Reliable operations are far less expensive to maintain and operate and they produce more consistently. Getting to that state requires change in many companies where reactive, break then fix, maintenance is by far the norm. Making that change requires leadership, not just management. Leadership is all about making change and taking your organization in new directions. Leaders rock the boat, managers keep it stable. In choosing excellence you’ll be choosing a path of constant change and improvement – leadership is essential. Leadership is about strategy, effective execution and your people – without them you accomplish very little. If you want excellence you need leadership. Read more “Uptime Insights – 1 – Improvement Strategy”
Benjamin Franklin’s axiom, “An ounce of prevention is worth a pound of cure”, has been used most commonly when referring to health care. It is also highly appropriate in reliability and maintenance circles.
Of course, we complicate it in business by wanting to know what the prevention will cost and what we save by avoiding the cost of the cure. Read more “Show me the money!”
The “no brainer” opportunity
Let’s say that you run your own business. You have an opportunity to invest some money and get a payback that is more than your total investment within the first year (payback is more than 100% in the first year). Moreover, that payback will continue for many years. Would you invest? Read more “Why do you let your budgets hold you back?”
These are challenging economic times and opportunities abound with many of our customers to add new business value. They are turning to us and asking: “You’ve brought great value to our Reliability Centered Maintenance (RCM-R) program through knowledge capture, personnel education, laying the foundation for a ‘living’ maintenance program and so on. However, what additional value can you provide us beyond what you have already done?” One answer: “Focus on writing high-value, asset maintenance tasks. i.e. Tactical PM Program Implementations”. Read more “The Link Between RCM Facilitation and Effective Maintenance”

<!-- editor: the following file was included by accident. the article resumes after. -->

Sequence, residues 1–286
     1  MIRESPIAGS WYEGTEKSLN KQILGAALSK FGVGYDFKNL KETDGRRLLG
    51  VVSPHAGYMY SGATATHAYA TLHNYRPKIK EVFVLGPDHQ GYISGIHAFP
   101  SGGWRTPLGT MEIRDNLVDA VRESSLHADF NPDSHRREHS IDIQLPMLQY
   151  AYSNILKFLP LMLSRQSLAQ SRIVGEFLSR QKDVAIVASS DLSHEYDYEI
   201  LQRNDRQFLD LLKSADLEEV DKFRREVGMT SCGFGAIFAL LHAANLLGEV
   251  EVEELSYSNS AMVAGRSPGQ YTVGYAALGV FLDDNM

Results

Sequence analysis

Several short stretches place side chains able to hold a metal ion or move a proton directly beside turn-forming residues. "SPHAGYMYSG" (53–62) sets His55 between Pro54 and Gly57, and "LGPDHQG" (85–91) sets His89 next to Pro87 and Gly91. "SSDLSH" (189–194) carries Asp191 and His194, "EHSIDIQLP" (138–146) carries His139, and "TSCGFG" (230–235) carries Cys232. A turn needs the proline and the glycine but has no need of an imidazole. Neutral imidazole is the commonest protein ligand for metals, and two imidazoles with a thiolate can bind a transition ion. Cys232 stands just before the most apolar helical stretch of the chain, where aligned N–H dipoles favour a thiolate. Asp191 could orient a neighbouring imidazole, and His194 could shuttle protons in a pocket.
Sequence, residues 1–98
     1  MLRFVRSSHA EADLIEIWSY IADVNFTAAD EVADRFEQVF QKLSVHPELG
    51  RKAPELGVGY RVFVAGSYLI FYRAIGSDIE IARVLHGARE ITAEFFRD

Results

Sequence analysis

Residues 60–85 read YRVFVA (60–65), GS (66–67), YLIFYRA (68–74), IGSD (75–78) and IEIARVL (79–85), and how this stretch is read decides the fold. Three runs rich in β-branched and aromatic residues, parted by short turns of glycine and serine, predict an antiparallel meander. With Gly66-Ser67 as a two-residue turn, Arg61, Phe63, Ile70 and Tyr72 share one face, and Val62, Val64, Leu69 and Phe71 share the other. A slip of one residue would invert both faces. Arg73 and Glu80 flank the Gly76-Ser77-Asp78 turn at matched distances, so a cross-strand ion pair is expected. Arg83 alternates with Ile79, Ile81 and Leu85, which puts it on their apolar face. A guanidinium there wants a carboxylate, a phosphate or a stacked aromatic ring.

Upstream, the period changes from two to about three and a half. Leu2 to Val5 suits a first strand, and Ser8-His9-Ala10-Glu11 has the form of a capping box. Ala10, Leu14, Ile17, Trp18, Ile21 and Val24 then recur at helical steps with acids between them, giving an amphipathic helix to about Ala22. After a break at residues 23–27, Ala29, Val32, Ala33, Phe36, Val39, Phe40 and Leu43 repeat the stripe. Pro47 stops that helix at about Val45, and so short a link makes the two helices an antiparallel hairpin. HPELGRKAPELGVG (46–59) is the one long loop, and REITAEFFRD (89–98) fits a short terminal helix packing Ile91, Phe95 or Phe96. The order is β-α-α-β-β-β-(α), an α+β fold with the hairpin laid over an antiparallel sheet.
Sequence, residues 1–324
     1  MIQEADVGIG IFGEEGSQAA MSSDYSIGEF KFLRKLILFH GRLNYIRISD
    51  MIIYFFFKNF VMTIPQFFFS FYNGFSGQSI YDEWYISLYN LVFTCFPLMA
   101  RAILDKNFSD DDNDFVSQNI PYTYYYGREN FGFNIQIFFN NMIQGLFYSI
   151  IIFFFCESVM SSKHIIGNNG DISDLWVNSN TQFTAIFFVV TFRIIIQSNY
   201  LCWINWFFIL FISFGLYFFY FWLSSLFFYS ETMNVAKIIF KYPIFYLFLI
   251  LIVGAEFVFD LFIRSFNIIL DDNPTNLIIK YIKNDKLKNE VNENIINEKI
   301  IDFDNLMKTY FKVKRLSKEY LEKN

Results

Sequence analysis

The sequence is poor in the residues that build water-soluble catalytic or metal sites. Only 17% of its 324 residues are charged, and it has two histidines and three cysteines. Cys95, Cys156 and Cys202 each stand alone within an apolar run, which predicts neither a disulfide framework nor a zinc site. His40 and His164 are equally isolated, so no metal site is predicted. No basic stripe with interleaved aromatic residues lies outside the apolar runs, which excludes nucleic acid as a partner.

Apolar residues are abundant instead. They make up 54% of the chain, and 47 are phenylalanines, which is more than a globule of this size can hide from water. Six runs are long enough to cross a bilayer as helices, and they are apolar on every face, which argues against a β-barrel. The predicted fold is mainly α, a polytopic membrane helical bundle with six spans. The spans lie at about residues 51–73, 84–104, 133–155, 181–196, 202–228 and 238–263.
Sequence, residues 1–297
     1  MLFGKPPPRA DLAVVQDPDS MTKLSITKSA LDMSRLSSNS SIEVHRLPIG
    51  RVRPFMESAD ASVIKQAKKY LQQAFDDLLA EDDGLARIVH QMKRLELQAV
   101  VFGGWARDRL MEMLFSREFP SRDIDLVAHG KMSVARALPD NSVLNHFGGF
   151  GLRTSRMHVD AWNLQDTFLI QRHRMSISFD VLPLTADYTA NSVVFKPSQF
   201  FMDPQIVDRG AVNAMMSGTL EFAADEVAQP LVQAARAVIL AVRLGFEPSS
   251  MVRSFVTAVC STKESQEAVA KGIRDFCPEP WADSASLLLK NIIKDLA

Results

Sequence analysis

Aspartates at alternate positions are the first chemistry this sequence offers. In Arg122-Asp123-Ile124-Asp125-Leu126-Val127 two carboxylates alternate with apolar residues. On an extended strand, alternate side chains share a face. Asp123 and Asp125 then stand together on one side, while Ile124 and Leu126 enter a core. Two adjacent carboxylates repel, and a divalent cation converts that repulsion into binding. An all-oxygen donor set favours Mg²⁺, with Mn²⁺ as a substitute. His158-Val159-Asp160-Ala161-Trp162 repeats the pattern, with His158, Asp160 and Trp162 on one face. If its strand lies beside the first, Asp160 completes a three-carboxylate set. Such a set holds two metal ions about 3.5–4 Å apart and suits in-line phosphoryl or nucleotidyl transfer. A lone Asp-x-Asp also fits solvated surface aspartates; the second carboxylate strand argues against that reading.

In traveling the world in search of excellence in MRO Materials Management (indirect materials / spare parts), I noticed two curious facts. First, even in developed countries, both the industrial companies and providers of ERPs (enterprise management systems) are often technologically quite backwards outside the realm of their product specialization. Secondly, those typically smaller companies or subject matter experts who have developed differentiated technology, tend to keep it as a safe and guarded trade secret, failing to commercialize their brilliance. Read more “Increase Productivity and Competitiveness”
If you can’t sell all you can produce, then reducing costs is often the only way to improve margins, but that simplistic accounting perspective is not always the case. Cost control is often thought to be key to attaining profitability but it the case of maintenance it can get you into trouble. Cost control can have a big opportunity cost if you don’t take advantage of the opportunities you have. Consider that what you might really want is greater value – more for less, no just less. Read more “Trick question: Do you want value or low costs?”
There are two things you must do in a successful maintenance program: be good at doing your work, and only do the right work. Both are needed to deliver asset reliability – the cornerstone of sustainable, safe and quality production levels. In chasing reliability many turn to programs for defining the right work, yet many of those efforts will fail. Why? Poor or ineffective planning. The greatest benefits come from defining the right maintenance program using RCM and then implementing with quality work and on schedule. Read more “Planning for Results”
Outsourcing is a form of alternative service delivery where one company hires another to perform some of its functions. It’s fairly common in some fields, such as accounting, manufacturing, human resources, procurement and IT, but not as common when it comes to maintenance and asset management. It has it’s advantages and risks and must be approached carefully.
This article first appeared in PEM magazine, April / May 2014. PEM is now incorporated into MRO Magazine. I’ve updated it with the benefit of another 5 years experience dealing with this very problem.
In my client work I find myself helping many companies who have tried, yet failed to improve their performance in maintenance and reliability. For those that are making their second (or more) attempt there are many reasons for the failures, some technical, may related to company culture and, almost always, things were done on the cheap and rushed. Read more “Silver bullets can backfire!”
In 2014, at an IMEC conference organized by the University of Toronto, Art Rice of Maintenance Technology Magazine said that in many cases “Lean is a form of Anorexia”. He was right then, and he is still right today.
When I heard him, I realized that in many cases where I’ve seen attempts at “lean manufacturing” the lean really means “understaffed”. In those cases some of the lean manufacturing tools have been implemented, often with the help of outside expert help but lean results haven’t occurred. The introduction of “lean” in those companies was yet another attempt to cut costs without any deep thought as to what caused the high costs before introducing “lean”. Read more “Lean or Industrial Anorexia”